Mayor Neil Holdom paid tribute to McFarlane as a solid wingman and a pillar of the community. “Craig’s resignation is a real loss to the Council and to the community. I think I speak for the entire organisation when I say we will miss Craig, we respect Craig, we did not wish to see him resign but we all understand that he must focus on his recovery and he has our full support. “As a new Mayor I have benefited hugely from Craig’s sage advice, his no-nonsense approach, his keen intellect and a deep understanding of the workings of local government and in particular New Plymouth District Council.”
A decision on a Deputy Mayor would be made in the next few days and a North Ward by-election is likely to be held in late August. The North Ward covers from the New Plymouth airport to just north of Mohakatino, including Waitara, Lepperton, Tikorangi, Urenui and surrounding rural areas north-east of the Waitara River.
The McFarlane family have requested the media respects their privacy at this time and will not be making any further statements on this matter.
Craig McFarlane local government history Elected to the Waitara Community Board in 2004, serving as Board Chairman. Elected to New Plymouth District Council in 2007 and has served as the Council appointee to the Waitara and/or Clifton community boards every term. Appointed Deputy Mayor in 2016.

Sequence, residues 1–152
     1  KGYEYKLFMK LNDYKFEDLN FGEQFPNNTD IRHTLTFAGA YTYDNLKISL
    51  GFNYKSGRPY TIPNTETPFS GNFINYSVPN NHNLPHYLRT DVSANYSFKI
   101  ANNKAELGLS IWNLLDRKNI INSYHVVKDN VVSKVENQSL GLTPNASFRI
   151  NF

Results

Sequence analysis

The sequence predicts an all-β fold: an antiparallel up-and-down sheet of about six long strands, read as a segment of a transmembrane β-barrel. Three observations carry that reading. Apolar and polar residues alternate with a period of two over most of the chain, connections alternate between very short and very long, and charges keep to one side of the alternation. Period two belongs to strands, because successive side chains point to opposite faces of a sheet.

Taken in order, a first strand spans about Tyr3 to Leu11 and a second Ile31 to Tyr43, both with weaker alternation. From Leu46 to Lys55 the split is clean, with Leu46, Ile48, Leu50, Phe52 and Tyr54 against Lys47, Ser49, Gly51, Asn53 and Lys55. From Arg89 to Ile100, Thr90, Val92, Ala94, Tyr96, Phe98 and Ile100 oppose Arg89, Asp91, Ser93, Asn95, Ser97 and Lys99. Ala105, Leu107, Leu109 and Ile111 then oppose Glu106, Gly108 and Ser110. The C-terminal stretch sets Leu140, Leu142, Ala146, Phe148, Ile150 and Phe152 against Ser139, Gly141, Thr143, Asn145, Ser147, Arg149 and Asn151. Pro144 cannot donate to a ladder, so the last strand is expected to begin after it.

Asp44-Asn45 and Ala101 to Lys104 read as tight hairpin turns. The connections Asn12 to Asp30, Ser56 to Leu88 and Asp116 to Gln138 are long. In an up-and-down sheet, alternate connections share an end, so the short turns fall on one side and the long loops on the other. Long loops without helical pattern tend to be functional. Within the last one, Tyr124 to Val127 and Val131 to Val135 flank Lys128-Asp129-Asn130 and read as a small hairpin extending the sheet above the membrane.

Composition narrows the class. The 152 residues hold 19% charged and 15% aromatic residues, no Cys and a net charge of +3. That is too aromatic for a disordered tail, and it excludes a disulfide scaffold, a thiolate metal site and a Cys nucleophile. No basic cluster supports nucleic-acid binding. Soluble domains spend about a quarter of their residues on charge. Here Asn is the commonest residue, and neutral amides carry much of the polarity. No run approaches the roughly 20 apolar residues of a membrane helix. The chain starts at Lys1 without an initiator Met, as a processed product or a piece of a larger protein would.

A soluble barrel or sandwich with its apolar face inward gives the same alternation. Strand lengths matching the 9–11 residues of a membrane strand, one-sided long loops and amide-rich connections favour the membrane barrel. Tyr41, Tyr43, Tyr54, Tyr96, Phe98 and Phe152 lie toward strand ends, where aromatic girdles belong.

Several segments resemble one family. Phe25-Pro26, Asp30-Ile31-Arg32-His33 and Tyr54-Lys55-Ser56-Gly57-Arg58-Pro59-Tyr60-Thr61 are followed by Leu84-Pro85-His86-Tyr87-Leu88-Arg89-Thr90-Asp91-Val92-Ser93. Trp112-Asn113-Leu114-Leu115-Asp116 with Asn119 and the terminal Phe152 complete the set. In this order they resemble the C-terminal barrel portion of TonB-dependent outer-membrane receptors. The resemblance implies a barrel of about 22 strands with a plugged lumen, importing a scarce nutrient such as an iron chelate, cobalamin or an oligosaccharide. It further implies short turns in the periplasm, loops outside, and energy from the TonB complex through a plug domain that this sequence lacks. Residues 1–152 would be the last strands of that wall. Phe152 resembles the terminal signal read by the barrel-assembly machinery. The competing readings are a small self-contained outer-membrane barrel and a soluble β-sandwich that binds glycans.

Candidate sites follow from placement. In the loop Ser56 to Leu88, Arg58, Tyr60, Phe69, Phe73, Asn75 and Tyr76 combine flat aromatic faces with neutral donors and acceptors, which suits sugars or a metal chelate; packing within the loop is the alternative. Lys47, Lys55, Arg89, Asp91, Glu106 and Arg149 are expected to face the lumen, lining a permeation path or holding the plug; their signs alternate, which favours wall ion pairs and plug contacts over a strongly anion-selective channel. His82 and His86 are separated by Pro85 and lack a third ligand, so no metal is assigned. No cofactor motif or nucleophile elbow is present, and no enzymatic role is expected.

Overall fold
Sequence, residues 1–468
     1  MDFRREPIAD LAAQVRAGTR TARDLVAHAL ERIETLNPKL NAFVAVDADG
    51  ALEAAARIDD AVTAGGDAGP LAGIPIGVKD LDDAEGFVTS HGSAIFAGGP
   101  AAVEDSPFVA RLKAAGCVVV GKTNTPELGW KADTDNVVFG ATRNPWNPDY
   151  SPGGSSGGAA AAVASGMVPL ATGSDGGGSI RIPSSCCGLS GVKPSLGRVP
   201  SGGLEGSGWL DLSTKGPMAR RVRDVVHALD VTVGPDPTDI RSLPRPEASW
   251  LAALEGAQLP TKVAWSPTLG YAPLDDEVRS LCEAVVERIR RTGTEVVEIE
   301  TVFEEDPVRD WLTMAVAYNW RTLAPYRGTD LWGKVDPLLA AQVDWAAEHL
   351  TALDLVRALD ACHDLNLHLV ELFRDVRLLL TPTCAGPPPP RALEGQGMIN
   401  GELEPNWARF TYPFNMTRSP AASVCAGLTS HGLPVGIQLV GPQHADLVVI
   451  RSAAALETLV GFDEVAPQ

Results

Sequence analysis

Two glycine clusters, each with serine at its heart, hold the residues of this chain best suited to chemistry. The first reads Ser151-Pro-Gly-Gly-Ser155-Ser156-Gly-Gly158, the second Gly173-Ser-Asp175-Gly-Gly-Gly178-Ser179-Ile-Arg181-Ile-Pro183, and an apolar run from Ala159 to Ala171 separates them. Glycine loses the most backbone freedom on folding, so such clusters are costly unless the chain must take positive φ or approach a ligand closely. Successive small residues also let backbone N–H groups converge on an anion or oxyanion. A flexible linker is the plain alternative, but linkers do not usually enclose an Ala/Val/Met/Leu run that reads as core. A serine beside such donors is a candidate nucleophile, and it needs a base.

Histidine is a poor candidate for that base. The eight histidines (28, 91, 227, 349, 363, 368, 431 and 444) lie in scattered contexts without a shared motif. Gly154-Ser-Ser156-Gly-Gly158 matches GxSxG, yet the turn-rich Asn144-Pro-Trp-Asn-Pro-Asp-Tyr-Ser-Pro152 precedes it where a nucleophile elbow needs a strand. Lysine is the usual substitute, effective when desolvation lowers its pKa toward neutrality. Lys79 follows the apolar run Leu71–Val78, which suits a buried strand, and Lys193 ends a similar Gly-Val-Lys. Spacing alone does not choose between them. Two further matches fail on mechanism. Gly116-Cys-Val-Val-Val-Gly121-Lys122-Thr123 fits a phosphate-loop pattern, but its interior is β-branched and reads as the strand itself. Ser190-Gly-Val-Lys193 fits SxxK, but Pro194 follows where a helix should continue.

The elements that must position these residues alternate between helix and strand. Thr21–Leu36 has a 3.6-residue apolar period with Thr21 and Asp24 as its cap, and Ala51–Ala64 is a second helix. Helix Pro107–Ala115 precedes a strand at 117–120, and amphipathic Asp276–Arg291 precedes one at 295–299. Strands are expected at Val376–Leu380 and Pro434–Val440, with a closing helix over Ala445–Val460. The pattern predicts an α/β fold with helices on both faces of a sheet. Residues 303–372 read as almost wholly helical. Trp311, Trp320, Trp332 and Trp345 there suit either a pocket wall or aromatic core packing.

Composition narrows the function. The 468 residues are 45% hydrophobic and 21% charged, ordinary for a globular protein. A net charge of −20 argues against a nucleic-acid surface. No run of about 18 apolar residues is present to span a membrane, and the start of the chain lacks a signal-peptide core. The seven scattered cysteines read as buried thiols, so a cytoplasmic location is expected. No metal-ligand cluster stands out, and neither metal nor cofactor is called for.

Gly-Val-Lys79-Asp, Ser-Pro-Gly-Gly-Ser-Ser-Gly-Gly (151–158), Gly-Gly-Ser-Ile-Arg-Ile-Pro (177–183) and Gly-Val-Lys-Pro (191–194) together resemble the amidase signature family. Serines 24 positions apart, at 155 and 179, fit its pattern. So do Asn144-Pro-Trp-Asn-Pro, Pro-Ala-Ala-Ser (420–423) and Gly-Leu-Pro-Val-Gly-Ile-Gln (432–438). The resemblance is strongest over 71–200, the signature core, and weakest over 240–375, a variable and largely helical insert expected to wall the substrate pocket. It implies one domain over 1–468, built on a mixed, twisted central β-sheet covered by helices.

LED Project a Shining Light for Energy Savings
06 June 2017
A large energy-saving programme is running ahead of time and under budget, and is bringing larger savings than expected.
Two years ago the Council started replacing all 8,000 sodium streetlights in the district with LED lights in an invest-to-save initiative.
About 2,800 will have been switched over by the end of this month (June).
“To say we’re pleased with the progress of this programme is an understatement,” says Infrastructure Manager David Langford.
“We’ve got about a third of the lights switched over as at the end of May, and we are already seeing a greater than 11 per cent reduction in the total energy used by the district’s streetlights.
“In just the five months from November last year to March this year we’ve saved a total of 82,000kWh. That’s enough to power 134 homes for a month.
“The installation programme is a year ahead of schedule, and because of the reducing cost of LED technology and an increased subsidy from Land Transport NZ the electricity savings will have paid off our portion of the project in 7.5 years instead of 10.”
The original $5.5 million budget had a 51 per cent subsidy from Land Transport NZ. The lowering price for LED streetlights has changed the budget estimate to $3.82m and LTNZ has increased its subsidy to 85 per cent, to be applied retrospectively.